Infographics Show Why Density is Necessary, But Not Sufficient
The above infographic from a project called Per Square Mile shows how much landmass the world’s 7B inhabitants would occupy if they achieved the housing density of various cities. Paris came in at #1; those 7B could live on a mere 128K sq miles of land–approximately the size of Arkansas, Louisiana and Mississippi. New York City achieved a competitive 250K sq miles–about the size of Texas. Houston–often the whipping boy of urban sprawl–fit the world’s population into a more spacious 1.8M sq miles.
Seven billion is a whole heck of a lot of people, but this infographic shows that there is room enough for everyone to live. Density is a great place to start.
But density doesn’t tell the whole story. Tim De Chant, the man behind Per Square Mile, received a lot of comments about what the map doesn’t show: The landmass needed to support various populations based on their consumption of resources. De Chant made the below infographic to fix that missing information.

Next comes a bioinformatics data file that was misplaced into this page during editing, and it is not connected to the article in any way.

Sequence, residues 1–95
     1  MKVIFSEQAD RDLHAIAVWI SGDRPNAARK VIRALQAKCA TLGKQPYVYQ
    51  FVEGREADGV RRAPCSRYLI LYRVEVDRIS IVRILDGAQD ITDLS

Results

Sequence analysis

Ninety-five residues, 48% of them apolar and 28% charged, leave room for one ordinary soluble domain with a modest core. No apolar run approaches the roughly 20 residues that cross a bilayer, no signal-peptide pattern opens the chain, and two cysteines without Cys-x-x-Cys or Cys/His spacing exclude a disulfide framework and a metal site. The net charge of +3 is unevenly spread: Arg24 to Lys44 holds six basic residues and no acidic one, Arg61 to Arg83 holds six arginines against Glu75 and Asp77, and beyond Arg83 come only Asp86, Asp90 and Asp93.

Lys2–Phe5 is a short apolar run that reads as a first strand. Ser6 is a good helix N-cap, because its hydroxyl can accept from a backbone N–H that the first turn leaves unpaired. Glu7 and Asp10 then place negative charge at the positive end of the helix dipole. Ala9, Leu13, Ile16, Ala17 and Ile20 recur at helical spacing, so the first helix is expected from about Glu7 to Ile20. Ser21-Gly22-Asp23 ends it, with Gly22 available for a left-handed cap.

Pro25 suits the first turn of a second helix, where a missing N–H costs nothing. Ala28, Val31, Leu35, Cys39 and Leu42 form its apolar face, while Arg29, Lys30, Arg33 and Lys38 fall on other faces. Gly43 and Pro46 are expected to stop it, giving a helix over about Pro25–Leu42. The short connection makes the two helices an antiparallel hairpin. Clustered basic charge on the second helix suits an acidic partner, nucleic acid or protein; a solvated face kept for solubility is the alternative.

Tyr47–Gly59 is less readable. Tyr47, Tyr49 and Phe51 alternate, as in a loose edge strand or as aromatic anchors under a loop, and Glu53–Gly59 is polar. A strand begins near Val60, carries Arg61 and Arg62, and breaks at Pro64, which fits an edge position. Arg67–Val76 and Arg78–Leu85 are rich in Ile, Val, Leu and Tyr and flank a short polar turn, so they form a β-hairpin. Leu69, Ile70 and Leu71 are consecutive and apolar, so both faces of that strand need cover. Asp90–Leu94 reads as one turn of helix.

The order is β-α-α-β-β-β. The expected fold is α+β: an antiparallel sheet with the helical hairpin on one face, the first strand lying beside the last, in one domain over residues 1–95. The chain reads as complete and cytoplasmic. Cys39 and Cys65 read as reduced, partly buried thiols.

This shows a very different picture. It show that the “developed” world uses a crazy amount of resources–far more than the planet can sustainably provide. For example, the US uses four earths to fuel its lifestyle.
It’s probable that populations of areas where great density is achieved, like NYC and Paris, while achieving far greater levels of efficiency than their suburban countryman, still consume close to or more resources than the earth can provide (De Chant lacked data to tally individual city’s energy needs). In other words, density is necessary to fit everyone on the planet, but not sufficient. Architecture, design, planning and behavior must go hand-in-hand.
What do you think of these figures? Do you see flaws? Do you see a way out? We’d love to hear what you think.
via Per Square Mile